She will also scout for potential entries on her own. “I sent out some invitations to people I noticed in the paper, who participate in L.A., who should be included. (I’m looking for) someone who’s active in the arts, the community, who has been here for a while, who is planning on staying here. And I’m really looking for younger people because a lot of older people have been dying. I think it’s important to find people under 40, and that’s why I want to go back and look for the kids in the old Blue Books.”
Might some react with rolled eyes at being included in the social register?
“The initial reaction is often that,” she admits. “I told a friend of mine, ‘You should have your own listing,’ and she said, ‘I don’t know.’ But I think she thought about it and said, ‘That might be cool.’
“The word society puts people off, but there are a lot of positive aspects to it. These are people who are very involved with L.A. and arts and education and community involvement, and you can’t really deny that.”
Margaret Eley, retired director of the California Historical Society, believes the register is important for the sense of community it offers.
“I would say there’s more of a need for it now, really,” she says. “I think more people are trying to put down roots.”
While she doesn’t deny that the basic premise of the Blue Book is elitist, Yust vigorously defends its existence.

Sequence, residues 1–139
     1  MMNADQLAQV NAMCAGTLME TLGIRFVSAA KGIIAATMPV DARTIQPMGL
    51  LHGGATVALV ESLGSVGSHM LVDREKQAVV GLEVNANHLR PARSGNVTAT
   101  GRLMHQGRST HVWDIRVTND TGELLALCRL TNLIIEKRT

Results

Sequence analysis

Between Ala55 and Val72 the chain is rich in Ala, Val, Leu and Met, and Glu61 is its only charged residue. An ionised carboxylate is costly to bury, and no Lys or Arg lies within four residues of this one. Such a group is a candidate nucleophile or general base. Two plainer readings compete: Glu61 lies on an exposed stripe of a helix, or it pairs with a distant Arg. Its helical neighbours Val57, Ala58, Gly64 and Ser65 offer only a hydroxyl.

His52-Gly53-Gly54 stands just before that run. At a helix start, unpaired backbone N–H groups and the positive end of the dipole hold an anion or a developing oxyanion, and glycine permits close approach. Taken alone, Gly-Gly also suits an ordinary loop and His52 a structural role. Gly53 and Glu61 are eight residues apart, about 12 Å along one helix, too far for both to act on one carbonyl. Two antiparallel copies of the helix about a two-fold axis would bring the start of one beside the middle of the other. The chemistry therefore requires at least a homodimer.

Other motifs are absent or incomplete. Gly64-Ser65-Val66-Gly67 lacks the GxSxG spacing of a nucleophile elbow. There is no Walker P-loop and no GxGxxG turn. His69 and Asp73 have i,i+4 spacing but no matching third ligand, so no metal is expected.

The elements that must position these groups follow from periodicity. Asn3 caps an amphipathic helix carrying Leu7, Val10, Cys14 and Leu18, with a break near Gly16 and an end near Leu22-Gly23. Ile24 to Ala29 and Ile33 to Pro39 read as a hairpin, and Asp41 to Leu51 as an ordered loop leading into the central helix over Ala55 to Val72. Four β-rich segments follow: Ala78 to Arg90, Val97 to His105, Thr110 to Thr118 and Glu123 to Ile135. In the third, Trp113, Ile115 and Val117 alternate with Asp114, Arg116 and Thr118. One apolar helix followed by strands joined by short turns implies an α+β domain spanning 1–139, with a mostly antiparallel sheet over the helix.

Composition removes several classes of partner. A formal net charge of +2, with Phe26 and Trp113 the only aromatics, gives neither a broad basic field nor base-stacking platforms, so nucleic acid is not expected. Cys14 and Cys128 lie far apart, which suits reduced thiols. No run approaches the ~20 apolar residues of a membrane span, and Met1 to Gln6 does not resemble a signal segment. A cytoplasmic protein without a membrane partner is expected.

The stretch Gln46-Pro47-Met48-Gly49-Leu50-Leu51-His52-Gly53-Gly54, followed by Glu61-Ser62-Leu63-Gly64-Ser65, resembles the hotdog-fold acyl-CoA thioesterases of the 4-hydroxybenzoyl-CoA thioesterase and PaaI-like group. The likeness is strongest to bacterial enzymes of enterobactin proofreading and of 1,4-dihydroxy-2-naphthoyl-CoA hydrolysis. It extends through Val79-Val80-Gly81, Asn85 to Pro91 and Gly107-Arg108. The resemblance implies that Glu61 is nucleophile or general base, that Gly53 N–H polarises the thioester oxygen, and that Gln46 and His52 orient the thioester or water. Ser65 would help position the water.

“It is elitist,” she says. “Any kind of roster or club or address book kind of thing is elitist--obviously you’re not including every single person who resides in Los Angeles. But there’s a purpose behind it. . . . You look through the book and you see all the families’ names that you see on the walls of the hospitals, the museums, the Music Center, and you say, ‘All right, they’re better off and they come from a different family, but at least they’re giving something back to the city.’ ”
She’s mulling over other changes for future editions: cross-indexing some families, listing members’ colleges, and geographically subdividing Los Angeles, Santa Monica and Pasadena.
Some members rely on the book, she says, when planning charities and events. “They use it for invitations, for business or personal contacts. I think some people just use it for their Christmas cards. It kind of becomes their address book.”
Marcia Hobbs, president of Hobbs-Nelson Marketing and Communications Inc., turns to the book for phone numbers. “I belong to a lot of different groups, and having to keep rosters is less convenient than using the Blue Book. Or I’ll use it for business when I’m trying to remember an address. . . . And every once in a while I’ll forget somebody’s child’s name, so I’ll look to see if their children are listed.”
Yust has set up her computer to log the thousands of names that will become the 1995 volume.
“I’m a good organizer,” she says. “I like to sit and alphabetize my books.”
Her job history bears that out: She was managing editor of the Los Angeles Masterplanner, a monthly newsletter that lists benefits and major events, and worked on a book about the performing arts.
Today, the Blue Book, tomorrow . . . her own publishing company?
That’s one goal. Law school is another.
“I don’t really want to become a lawyer,” she says, “I just need the basic knowledge. It’s important to know law, that way no one can do anything to you.”
Yust credits her parents with giving her the drive and backbone to attempt all this.
“They’re amazing,” Yust says, shaking her head. “It’s always been, ‘Go out and do what you want to do.’ At times it amazes me that they did as much as they did. Now there are so many opportunities, you can do anything you want. There’s nothing stopping you.”